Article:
Study Finds Incidence of Pediatric Strokes Higher Than Previously Thought

September 21, 2009

A new study from the University of California, San Francisco (UCSF), shows that the rate of strokes in infants and children is actually higher than previously thought, which may be due to inaccurate counts of diagnostic codes, typing errors, or the misreading of keywords on radiology reports.

A new study from the University of California, San Francisco (UCSF), shows that the rate of strokes in infants and children is actually higher than previously thought, which may be due to inaccurate counts of diagnostic codes, typing errors, or the misreading of keywords on radiology reports.

Heather J. Fullerton, MD, senior author of the study and associate professor of neurology at UCSF, and her research team set out to determine the actual number of pediatric stroke cases because they felt that the total count may have been underrepresented when determined with diagnostic codes alone. The team searched for strokes among children enrolled in the Kaiser Permanente managed care plan in northern California, using the International Classification of Diseases, 9th division (ICD-9) codes and keywords that suggested a stroke on radiology reports — CT scans, MRI, and angiograms. Searching with these criteria, the researchers confirmed 205 cases of ischemic stroke, or “an incidence rate of 2.4 strokes per 100,000 person-years.”

According to the researchers, this new figure is two to four times higher than previous research had shown, which estimated that between 0.54 and 1.2 per 100,000 US children suffered strokes each year. This original estimate was based only on ICD-9 searches, the researchers clarified.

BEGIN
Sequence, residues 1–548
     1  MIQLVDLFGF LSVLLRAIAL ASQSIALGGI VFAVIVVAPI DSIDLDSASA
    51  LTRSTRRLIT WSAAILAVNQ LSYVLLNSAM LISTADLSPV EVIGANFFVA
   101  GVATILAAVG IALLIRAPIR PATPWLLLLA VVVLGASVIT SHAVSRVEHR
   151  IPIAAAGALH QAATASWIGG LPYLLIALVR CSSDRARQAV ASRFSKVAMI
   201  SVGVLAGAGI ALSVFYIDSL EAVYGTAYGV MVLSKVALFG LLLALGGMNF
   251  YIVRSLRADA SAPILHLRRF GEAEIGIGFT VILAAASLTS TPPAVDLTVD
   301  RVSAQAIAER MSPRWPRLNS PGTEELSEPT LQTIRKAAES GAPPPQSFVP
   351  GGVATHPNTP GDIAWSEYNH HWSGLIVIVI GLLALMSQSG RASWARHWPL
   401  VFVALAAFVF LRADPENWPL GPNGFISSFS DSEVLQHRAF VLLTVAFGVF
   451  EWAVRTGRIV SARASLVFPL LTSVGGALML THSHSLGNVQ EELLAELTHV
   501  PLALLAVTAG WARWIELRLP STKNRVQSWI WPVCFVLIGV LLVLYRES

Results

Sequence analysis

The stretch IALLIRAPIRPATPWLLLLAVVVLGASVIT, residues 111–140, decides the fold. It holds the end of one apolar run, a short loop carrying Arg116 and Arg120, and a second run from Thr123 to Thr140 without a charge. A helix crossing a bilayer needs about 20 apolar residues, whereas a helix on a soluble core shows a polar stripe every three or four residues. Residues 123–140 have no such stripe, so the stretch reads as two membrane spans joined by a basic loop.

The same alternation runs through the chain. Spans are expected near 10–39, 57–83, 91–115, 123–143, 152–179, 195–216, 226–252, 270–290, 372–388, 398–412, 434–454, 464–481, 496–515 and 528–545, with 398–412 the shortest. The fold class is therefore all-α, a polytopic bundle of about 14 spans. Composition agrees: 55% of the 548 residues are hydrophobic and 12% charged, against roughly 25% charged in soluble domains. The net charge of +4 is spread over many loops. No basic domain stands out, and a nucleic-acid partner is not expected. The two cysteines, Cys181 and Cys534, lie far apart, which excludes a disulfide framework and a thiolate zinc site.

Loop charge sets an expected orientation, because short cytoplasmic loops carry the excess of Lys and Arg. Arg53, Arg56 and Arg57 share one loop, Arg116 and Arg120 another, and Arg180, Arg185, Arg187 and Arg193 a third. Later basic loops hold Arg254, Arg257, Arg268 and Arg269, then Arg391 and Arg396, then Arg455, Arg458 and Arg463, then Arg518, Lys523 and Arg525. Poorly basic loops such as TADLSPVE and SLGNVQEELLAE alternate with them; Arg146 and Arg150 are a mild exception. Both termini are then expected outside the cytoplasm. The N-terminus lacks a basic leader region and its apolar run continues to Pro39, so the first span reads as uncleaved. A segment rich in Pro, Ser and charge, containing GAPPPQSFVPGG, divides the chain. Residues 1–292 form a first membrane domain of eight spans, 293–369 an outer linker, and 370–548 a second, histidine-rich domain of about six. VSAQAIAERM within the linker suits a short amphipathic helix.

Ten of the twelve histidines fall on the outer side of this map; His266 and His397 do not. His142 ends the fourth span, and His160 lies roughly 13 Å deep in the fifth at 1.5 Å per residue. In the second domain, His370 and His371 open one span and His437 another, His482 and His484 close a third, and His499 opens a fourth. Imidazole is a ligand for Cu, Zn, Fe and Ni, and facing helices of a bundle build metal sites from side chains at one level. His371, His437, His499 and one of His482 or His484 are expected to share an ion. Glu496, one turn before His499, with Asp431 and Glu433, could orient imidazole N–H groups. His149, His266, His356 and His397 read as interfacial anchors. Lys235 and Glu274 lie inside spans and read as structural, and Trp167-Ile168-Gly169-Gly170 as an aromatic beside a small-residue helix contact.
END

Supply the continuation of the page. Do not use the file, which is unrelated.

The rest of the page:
The researchers utilized data from the Kaiser Permanente program from 1993 to 2003, which included the records of 2.3 million children from 0—19 years old. The team “compared the search methods on their ability to identify the charts of children who had experienced a stroke (the sensitivity of the measures),” which showed that the radiology search was “far more sensitive,” at a rate of 83%, than the ICD-9 code search, at a rate of 30%. Additionally, according to the researchers, there was an even wider discrepancy for strokes that occurred in infants around the time of childbirth, with “a sensitivity of 12 percent using ICD-9 codes for stroke, and 87 percent using radiology records.”

Fullerton said that parents should remember that strokes are still rare in children, despite the discrepancies that the research showed, adding that the “major lessons” from this study are geared toward researchers.

“Studies based on ICD-9 codes may vastly underestimate the incidence and cost of pediatric stroke,” Fullerton said. “Our findings suggest that the field needs more prospective studies; although more costly, prospective studies can capture more pediatric strokes by identifying them as they occur.”